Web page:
Genetics of Breast and Ovarian Cancer (PDQ®): Genetics - Health Professional Information [NCI] - Psychosocial Issues in Inherited Breast and Ovarian Cancer Syndromes
Table 15. Uptake of Risk-reducing Salpingo-oophorectomy (RRSO) and/or Gynecologic Screening AmongBRCA1andBRCA2Mutation Carriers continued...
A number of women choose to undergo RRM and RRSO without genetic testing because of the following:
- Testing is not readily accessible.
- They do not wish exposure to the psychosocial risks of genetic testing.
- They do not trust that a negative genetic test result means they are not at increased risk.
- They find any level of risk, even baseline population risk, unacceptable.[235,236]
Among first-degree relatives of breast cancer patients attending a surveillance clinic, women who expressed an interest in RRM and/or had undergone surgery were found to have significantly more breast cancer biopsies (P < .05) and higher subjective 10-year breast cancer risk estimates (P < .05) than women not interested in RRM. Cancer worry at the time of entry into the clinic was highest among women who subsequently underwent RRM compared with women who expressed interest but had not yet had surgery and women who did not intend to have surgery (P < .001).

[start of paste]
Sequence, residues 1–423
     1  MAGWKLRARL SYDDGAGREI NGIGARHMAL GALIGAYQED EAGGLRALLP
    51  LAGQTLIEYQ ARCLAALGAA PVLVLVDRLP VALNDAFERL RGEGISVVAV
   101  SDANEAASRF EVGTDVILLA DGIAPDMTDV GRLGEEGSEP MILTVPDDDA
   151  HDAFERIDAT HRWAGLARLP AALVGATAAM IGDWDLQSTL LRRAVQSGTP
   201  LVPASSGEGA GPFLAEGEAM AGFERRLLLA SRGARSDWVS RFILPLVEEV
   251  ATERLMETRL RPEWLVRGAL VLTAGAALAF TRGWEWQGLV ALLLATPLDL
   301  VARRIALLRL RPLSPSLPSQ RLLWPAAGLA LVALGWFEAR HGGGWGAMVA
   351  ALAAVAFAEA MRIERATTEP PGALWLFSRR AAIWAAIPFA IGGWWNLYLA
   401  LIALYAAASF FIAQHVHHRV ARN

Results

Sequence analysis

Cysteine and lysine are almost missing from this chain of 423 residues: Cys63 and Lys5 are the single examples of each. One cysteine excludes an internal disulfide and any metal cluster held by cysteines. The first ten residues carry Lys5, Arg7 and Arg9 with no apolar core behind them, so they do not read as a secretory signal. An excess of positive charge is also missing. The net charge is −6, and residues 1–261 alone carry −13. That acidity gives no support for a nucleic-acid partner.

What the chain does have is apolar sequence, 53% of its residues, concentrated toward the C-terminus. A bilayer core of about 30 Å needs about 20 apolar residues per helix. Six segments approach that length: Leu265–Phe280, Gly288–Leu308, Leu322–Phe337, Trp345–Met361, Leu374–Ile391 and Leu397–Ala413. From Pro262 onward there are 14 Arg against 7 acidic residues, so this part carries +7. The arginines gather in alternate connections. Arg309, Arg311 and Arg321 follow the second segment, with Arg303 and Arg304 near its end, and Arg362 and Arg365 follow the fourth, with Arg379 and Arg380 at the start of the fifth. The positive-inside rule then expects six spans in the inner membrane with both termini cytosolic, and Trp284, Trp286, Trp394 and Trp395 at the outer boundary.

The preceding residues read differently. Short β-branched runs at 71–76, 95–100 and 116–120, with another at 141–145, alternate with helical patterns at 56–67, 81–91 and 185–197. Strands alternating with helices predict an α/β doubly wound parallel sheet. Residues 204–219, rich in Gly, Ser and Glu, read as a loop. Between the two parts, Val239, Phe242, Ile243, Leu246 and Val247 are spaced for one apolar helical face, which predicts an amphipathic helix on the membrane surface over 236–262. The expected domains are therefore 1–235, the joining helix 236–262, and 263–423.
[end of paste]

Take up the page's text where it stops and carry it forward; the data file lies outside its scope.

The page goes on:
Few studies have evaluated the impact of BRCA1/BRCA2 test results on risk-reducing surgery decisions among women affected with breast cancer. A study that evaluated predictors of contralateral RRM among 435 breast cancer survivors found that 16% had undergone contralateral RRM (in conjunction with mastectomy of the affected breast) before referral for genetic counseling and BRCA1/BRCA2 genetic testing. Predictors of contralateral RRM before genetic counseling and testing included younger age at breast cancer diagnosis, more time since diagnosis, having at least one affected first-degree relative, and not being employed full-time. In the year after disclosure of test results, 18% of women who tested positive for a BRCA1/BRCA2 mutation and 2% of those whose test results were uninformative underwent contralateral RRM. Predictors of contralateral RRM after genetic testing included younger age at breast cancer diagnosis, higher cancer-specific distress before genetic counseling, and having a positive BRCA1/BRCA2 test result. In this study, contralateral RRM was not associated with distress at 1 year after disclosure of genetic test results. A retrospective chart review evaluated uptake of bilateral mastectomies in 110 women who underwent BRCA1/BRCA2 genetic testing before making surgical decisions about the treatment of newly diagnosed breast cancer. BRCA mutation carriers were more likely to undergo bilateral mastectomies than were women in whom no mutation was detected (83% vs. 37%; P = .046). The only predictor of contralateral RRM in women without a mutation was being married (P = .03). Age, race, parity, disease stage and biomarkers, increased mammographic breast density, and breast MRI did not influence contralateral RRM decisions at the time of primary surgical treatment.